Appropriate use of antifungals: impact of an antifungal stewardship program on the clinical outcome of candidaemia in a French University Hospital.


Benoist H, Rodier S, de La Blanchardière A, Bonhomme J, Cormier H, Thibon P, Saint-Lorant G.
Infection. 2019 Feb 26.



The objective of this study was to compare clinical outcomes of patients with candidaemia before and after implementation of an antifungal stewardship program (AFSP).


This study included all consecutive cases of candidaemia identified from January 2012 to December 2015 in a French UniversityHospital. Data were collected retrospectively for a period of 2 years before implementation of the AFSP, and prospectively for 2 years after. All cases were reviewed by a multidisciplinary panel of experts including infectiologists, a microbiologist and pharmacists to have a complete follow-up of patients.


33 and 37 patients were finally included in the first and second period, respectively. The sites of entry of the candidaemia cases studied were as follows: intraabdominal in 29 cases (41.4%), central venous catheter 21 (30.0%), other or unknown: 20 (28.6%). Infectiologist consultations increased from 36.4 to 86.5% between the two periods with a significative impact on daily blood cultures which were more frequently performed in the second period (p = 0.04), and the use of echinocandins which was more frequent in the second period (97.1% of cases vs 78.8%, p = 0.03). The 3-month mortality rate declined from 36.4% in the first period to 27.0% in the second period (p = 0.4).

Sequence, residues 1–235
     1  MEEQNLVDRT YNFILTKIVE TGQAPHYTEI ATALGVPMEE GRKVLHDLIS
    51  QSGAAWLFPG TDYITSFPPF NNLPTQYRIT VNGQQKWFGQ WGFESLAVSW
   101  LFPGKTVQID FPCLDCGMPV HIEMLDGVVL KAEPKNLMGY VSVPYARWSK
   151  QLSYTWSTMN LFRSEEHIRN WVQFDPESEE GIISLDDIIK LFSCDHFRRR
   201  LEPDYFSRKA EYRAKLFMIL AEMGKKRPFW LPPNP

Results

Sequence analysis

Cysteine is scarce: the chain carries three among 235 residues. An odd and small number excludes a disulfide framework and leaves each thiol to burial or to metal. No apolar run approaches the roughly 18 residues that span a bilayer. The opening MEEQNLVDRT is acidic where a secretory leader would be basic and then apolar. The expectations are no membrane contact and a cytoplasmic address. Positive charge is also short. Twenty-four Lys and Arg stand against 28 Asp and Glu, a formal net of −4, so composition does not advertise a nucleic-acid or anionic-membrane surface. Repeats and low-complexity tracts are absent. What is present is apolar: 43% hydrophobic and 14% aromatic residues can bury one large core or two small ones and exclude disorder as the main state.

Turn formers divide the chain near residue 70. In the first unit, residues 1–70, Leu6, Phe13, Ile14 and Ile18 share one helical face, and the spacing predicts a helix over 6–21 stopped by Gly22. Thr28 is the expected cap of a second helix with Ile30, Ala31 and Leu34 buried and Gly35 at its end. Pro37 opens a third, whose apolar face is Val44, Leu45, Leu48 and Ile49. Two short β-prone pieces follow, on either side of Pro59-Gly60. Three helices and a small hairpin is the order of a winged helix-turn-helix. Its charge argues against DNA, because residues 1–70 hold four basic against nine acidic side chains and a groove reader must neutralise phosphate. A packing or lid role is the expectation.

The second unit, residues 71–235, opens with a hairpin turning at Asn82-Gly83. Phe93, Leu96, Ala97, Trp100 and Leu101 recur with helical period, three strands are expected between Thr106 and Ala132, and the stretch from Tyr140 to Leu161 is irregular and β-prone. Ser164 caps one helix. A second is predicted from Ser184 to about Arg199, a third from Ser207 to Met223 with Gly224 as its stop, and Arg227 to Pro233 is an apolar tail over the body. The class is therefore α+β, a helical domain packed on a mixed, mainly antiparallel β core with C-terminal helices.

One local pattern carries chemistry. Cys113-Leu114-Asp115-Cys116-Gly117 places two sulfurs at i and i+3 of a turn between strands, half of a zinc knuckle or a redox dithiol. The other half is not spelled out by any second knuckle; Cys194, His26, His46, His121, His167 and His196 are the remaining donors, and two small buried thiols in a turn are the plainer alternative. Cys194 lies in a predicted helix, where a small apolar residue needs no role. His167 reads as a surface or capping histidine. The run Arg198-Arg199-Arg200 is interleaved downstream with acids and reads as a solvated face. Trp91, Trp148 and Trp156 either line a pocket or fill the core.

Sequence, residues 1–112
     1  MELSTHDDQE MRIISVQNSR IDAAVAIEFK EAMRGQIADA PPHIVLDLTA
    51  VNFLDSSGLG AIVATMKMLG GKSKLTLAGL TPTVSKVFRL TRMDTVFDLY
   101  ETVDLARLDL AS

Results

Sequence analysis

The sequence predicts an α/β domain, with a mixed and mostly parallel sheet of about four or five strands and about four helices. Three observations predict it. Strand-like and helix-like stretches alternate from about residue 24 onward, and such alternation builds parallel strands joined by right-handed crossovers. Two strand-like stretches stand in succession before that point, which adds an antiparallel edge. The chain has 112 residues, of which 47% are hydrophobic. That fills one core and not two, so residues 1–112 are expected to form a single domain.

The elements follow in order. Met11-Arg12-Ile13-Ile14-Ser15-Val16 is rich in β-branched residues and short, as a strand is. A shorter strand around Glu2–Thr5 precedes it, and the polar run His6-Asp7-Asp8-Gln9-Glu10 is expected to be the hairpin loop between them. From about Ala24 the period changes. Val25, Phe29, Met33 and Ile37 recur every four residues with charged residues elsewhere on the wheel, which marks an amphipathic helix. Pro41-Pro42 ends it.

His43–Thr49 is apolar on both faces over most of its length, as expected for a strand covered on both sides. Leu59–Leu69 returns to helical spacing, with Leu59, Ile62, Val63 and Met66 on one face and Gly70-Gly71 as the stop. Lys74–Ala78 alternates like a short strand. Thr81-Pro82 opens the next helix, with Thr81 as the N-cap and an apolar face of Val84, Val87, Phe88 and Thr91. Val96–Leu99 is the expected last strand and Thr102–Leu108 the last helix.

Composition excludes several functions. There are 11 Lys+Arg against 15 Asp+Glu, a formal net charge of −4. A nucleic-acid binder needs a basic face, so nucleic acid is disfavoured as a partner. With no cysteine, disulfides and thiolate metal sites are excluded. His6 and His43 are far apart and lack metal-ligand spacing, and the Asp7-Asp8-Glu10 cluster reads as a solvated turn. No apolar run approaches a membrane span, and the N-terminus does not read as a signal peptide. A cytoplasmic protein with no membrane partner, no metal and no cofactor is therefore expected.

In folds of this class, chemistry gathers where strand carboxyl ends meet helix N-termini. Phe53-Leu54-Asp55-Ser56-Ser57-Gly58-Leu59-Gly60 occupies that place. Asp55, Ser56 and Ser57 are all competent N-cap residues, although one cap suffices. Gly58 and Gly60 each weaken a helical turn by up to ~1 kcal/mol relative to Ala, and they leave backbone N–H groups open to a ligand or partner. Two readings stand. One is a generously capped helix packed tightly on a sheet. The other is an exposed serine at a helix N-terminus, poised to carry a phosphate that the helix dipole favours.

Despite the insufficient number of candidaemia cases and the presence of other unmodifiable risk factors of mortality which did not allow us to show a significant effect on the 3-month mortality, AFSP had a significant effect on daily blood cultures and echinocandin use as first-line therapy.


Antifungal stewardshipCandidaemia; Fungal infections; Prescribing practice